Comic Paneling learning material... etc.
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    Comic Paneling learning material... etc.

    Looking for some nice forum thread or off-site references talking about comic panels and/or (comic) page layouts in general. Very interested in learning what various approaches may be used or discouraged when giving this a legitimate bit of practice. If anyone has any links, I'd appreciate it! Thanks.

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    Draw Comics with Dick Giordano has a pretty good chapter dedicated to paneling styles over time, non-standard page layouts, and workflow systems (e.g. having one or two sentence briefs about what's going on in a particular page that the artist extrapolates into a full, visual narrative).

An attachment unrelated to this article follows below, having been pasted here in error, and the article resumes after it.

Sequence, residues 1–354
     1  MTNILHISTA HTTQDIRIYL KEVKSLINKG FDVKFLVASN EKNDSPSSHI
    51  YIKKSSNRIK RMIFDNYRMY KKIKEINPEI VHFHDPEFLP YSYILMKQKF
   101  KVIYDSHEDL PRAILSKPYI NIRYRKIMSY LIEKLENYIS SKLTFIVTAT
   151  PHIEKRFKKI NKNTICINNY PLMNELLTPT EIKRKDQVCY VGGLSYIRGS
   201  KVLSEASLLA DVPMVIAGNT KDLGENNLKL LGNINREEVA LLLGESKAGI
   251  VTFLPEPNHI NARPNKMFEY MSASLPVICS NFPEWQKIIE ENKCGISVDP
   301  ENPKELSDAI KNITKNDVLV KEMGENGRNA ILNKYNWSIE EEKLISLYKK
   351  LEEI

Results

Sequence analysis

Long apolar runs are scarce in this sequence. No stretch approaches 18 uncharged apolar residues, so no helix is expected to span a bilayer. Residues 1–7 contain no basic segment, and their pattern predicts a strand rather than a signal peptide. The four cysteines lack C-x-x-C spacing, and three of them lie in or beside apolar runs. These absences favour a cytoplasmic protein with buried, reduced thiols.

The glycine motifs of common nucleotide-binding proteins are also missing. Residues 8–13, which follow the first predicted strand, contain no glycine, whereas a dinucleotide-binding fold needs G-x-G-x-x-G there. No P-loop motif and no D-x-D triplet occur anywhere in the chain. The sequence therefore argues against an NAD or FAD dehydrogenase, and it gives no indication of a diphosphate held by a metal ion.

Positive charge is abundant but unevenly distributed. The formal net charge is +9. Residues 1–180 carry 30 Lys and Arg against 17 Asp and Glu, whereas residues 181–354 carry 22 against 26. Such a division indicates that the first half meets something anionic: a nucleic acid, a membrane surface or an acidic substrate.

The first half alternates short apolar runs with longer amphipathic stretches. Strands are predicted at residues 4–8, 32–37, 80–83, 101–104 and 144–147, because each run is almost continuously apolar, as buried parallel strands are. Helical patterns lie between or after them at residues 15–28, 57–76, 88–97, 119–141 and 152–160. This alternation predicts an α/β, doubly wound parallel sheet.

I have also purchased two of Will Eisner's books, "Graphic Storytelling and Visual Narrative" and "Comics and Sequential Art." In the foreword to "Comics," he has this to say, "This work was originally written as a series of essays that appeared randomly in 'The Spirit Magazine.' They were an outgrowth of my teaching a course in Sequential Art at the School of Visual Arts in New York City." Both books read very much like lectures for a college course, and are accompanied by some plates of very old comic books and graphic novels.

    I would recommend all of the books I described, Giordano's for his technical approach (supplemented with plenty of original, full-page sketches and some borrowed sketches from other artists in the industry) and Eisner's books for their intellectual approach.

    Good luck!